I came across the idea of the middle ground before discovering the concept of defensive scripts. My early attempts around maintaining middle ground were clumsy, and focused around maintaining the integrity of the other person. As a strong personality driven by clear, deeply felt moral purpose, I can jump into situations boots and all, often with the outcome of those boots kicking the other person right out of the middle ground. In trying to rectify this, I tended to make what I imagine is a common mistake, and I went too far the other way. By trying to maintain the integrity of the other person, I often destroyed my own in the process. I can recall situations where I sat and let the other person unload on me because I was trying not to be too argumentative; I destroyed my own integrity and offered no other perspective nor asked any thoughtful questions in order to help the other person view the situation in a wider way. Such situations were tough experiences for me, and were a catalyst for further exploration of what was causing such discomfort and pain. As I was working on staying in the middle ground whilst making sure that the other person was also there, I was introduced to the idea of defensive scripts. Although I did not realise it to begin with, this would become the missing piece of the puzzle of practice I was wrestling with.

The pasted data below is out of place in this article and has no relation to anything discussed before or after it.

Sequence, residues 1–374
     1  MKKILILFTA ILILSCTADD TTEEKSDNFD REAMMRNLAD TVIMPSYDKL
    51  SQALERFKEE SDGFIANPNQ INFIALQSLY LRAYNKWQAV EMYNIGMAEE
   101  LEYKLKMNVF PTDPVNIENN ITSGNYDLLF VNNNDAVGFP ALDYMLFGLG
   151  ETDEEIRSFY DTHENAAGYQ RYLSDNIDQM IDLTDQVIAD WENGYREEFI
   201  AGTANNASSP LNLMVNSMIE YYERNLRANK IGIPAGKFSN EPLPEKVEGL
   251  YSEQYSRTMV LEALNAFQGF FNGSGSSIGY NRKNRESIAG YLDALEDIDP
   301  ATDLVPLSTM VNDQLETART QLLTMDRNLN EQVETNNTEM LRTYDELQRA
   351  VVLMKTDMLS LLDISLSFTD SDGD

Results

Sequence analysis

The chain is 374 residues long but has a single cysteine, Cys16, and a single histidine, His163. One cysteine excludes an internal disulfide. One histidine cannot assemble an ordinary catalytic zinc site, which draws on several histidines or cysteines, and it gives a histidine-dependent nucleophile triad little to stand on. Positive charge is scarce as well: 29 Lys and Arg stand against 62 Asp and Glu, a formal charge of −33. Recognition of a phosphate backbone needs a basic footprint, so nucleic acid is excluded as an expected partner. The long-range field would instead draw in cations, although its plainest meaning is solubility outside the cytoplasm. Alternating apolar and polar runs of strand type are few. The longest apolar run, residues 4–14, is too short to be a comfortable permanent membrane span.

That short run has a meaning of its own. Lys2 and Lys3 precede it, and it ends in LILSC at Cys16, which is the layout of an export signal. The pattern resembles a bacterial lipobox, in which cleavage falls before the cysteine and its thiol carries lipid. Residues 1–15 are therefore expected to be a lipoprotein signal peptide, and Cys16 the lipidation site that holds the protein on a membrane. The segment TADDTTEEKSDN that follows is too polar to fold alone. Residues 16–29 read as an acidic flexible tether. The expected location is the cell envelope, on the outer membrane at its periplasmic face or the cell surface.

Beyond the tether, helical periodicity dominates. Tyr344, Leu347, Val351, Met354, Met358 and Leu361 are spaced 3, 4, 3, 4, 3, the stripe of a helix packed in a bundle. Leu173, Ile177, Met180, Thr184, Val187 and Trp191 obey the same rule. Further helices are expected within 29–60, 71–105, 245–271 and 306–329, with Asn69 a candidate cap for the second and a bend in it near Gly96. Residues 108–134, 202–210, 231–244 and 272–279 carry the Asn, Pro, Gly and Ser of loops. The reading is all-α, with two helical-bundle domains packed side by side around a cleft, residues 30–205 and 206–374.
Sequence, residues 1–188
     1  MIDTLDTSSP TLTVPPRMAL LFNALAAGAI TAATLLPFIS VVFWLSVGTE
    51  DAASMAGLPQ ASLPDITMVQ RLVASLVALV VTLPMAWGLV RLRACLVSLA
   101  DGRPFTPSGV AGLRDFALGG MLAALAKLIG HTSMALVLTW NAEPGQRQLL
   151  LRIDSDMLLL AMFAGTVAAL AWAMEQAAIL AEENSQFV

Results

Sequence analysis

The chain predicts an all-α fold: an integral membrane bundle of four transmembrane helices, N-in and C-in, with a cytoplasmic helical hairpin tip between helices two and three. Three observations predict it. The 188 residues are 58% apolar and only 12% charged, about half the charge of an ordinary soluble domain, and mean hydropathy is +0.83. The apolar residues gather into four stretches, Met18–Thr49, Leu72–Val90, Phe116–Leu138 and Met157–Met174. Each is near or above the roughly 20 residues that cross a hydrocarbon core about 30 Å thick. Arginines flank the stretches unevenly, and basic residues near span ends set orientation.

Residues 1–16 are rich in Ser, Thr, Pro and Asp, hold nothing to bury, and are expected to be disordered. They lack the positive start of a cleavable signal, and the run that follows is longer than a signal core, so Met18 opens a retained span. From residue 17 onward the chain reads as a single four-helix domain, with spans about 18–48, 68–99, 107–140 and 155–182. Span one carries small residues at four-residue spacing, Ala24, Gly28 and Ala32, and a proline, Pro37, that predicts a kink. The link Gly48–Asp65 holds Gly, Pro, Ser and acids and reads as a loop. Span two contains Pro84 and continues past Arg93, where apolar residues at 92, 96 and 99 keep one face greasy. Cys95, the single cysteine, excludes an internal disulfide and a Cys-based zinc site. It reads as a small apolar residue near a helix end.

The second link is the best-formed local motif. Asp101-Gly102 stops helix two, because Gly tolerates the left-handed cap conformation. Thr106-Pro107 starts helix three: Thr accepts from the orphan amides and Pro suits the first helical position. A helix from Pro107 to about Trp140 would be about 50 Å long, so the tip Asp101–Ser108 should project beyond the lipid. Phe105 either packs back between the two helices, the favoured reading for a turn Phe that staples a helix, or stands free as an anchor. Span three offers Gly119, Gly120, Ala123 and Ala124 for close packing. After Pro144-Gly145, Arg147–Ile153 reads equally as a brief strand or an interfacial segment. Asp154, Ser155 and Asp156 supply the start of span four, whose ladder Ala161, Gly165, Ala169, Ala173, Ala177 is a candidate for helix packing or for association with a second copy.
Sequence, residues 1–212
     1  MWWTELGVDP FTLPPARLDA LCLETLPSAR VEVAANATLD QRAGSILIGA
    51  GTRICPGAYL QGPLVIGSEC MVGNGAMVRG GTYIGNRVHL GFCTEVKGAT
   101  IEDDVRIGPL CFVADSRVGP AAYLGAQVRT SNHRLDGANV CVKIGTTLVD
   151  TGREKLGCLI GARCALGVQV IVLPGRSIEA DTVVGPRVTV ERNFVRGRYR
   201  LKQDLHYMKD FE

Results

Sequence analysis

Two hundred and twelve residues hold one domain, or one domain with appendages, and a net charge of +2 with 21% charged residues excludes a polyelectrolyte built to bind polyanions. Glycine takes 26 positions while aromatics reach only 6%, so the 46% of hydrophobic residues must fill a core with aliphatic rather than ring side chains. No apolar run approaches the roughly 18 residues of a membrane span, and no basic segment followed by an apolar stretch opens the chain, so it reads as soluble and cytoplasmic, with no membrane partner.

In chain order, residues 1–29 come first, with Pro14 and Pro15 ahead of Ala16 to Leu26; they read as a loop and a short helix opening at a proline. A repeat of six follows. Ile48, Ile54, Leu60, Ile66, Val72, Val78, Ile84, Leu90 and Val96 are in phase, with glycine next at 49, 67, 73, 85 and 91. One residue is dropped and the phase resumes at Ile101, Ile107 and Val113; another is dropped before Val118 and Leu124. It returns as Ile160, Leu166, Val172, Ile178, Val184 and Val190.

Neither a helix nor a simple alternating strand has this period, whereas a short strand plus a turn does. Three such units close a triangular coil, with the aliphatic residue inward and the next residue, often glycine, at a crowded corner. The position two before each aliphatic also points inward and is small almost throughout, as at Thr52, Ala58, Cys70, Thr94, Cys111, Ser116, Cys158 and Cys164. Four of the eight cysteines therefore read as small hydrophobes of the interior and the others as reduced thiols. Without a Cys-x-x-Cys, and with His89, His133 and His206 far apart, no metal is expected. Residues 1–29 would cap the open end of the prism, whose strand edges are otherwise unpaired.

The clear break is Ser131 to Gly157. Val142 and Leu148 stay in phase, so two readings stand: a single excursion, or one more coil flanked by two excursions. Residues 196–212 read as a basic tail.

I recently had an amazing meeting with a small group of engaged, highly motivated teacher-leaders I work with. We were exploring a number of leadership skills or concepts, with defensive scripts being one of them. The workshop certainly did not go in the neat, orderly fashion I had intended it to! Instead of coaching pairs quietly discussing the concept and thinking through the impact on their own practice, it ended up as a loud, intense group discussion around their own defensive scripts and the beliefs they felt lay underneath them. Teachers talked about scripts such as avoiding or passing on potentially tricky situations by telling themselves they have not been teaching long enough to deal with it, or being able to convince themselves that issues were only small and therefore did not need face-to-face action with another colleague. It was such an amazing open discussion, with people challenging and questioning each other without any rancour or defensiveness. I came out of the meeting with such a sense of wonder - how did these young teachers develop such wisdom and clarity of thought? What was possible for the future of education if people like this kept on in this vein, both with their own practice and with other teachers they work with?